A Son's Illness Validates a Mom's Worries About Hygiene

Barbara Roberts and son Wesley, a student and football player at Oakton High School.
Barbara Roberts and son Wesley, a student and football player at Oakton High School. (Family Photo)

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Thursday, January 12, 2006

Okay, call me a germophobe nut case if you want, but when I went to my 14-year-old son Wes's first high school football game and saw all the boys sharing the same water bottles, I wanted to stand up and scream.

All the moms at our bus stop did, too. When I told them the next day about the dozen or so water bottles and the 70 or so boys who drank from them, there was a moment of stunned, horrified silence, then a loud gasp, then a collective shout: "That is so disgusting!"

My son and my husband (and presumably every other male in the universe who is not a health care provider) were unperturbed. "Oh, Mom, I'm not going to catch anything," Wes said, with his usual teenage rolling of the eyes.

All right, I thought, I'll be a good mom. I won't call the coach at Oakton High and lecture him about communicable diseases and public hygiene. I won't be the mom-who-causes-trouble. I won't make my son be the-boy-who-gets-no-playing-time because he has the-mom-who-causes-trouble. I'll sit down and shut up and retch quietly behind my hand when I see the-boy-who-coughs-his-guts-out take a drink and hand the water bottle to my son.

Then my son came down with infectious mononucleosis, otherwise known as mono. And when I asked the doctor about the incubation period, he told me it was about four to eight weeks. Then he turned to my son, who was lying, half-asleep, on the examining table, and said, "So you know when you started those two-a-day football practices in August, and you were all sharing the same water bottles? That's probably when you picked it up."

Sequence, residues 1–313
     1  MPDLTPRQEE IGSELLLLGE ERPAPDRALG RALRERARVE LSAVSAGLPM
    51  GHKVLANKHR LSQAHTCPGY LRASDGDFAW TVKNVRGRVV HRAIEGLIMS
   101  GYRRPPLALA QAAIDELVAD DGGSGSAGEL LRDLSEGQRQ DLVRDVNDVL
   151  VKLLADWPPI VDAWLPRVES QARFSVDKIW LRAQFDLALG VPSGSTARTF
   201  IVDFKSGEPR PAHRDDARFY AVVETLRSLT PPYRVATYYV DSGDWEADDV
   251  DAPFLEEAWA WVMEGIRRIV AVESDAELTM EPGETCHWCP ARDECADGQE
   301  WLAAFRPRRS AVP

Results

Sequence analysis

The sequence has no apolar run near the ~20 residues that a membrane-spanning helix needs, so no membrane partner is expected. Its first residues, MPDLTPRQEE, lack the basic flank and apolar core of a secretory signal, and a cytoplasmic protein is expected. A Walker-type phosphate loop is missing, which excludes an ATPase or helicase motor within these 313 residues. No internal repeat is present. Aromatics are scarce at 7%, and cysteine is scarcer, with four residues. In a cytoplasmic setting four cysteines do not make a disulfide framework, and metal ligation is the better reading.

I wish I could tell you that I did not shout, "Aha, I told you so!" I wish I could say that I was so concerned for my son's welfare that I did not take one tiny moment to bask in germophobe glory. Alas, even germophobes gloat sometimes.

But a week later, when my son was back at school part time and one of his friends -- a girl who weighs all of about 95 pounds -- greeted him in the hallway with a good-natured whack to the spleen that doubled him over and sent him to the hospital, where he spent two nights in the intensive care unit, I was no longer gloating over my germophobe brilliance. I was simply worrying that my son was going to lose his spleen.

Did you know that mono causes the spleen to become enlarged and highly susceptible to bursting? I didn't know that. Do the football coaches know that? Do the high school principals and school district officials who let the football players all drink from the same water bottles know that? And do they know that there's a pandemic flu lurking on the horizon?

All right, obviously, I have no way of knowing where Wes actually picked up the germs that gave him mono. But I do know this: Although he was, statistically speaking, extremely unlikely to pick up a sexually transmitted disease when he was in fifth or sixth grade, this same school district has been teaching him about the evils of STDs since at least that time. Wouldn't it be a good idea to teach their own staff about the basics of public hygiene? Don't they know that when 70 boys all share the same dozen water bottles, somebody's going to catch something? Don't they know that some of those things can make those boys really sick?

When I was in high school, oh so many years ago, the football teams had a giant jug of water and a giant stack of paper cups. And yeah, somebody had to make sure there were always enough cups, and somebody had to make sure there was a trash can right next to the water jug so that all those cups didn't get thrown on the ground, and somebody had to constantly buy more cups.

But you know what? I would bet there are a whole lot of moms -- and probably even some dads -- just like me, who would gladly supply enormous stacks of cups for every game and every practice, if it meant that our sons would not be the-boys-who-get-no-playing-time because they are lying on their backs, hooked up to IV drips and half-a-dozen monitors in a hospital ICU.

Our children take their good health for granted. But as parents, we know that good health has to be nurtured and guarded. I would hope that our high school coaches and principals and school district officials would more fully understand their role in protecting our children's health, particularly if that protection can be provided as easily as a stack of paper cups.

After her son came down with infectious mononucleosis, Oakton mother Barbara Roberts questions the wisdom of having high school athletes share water bottles .


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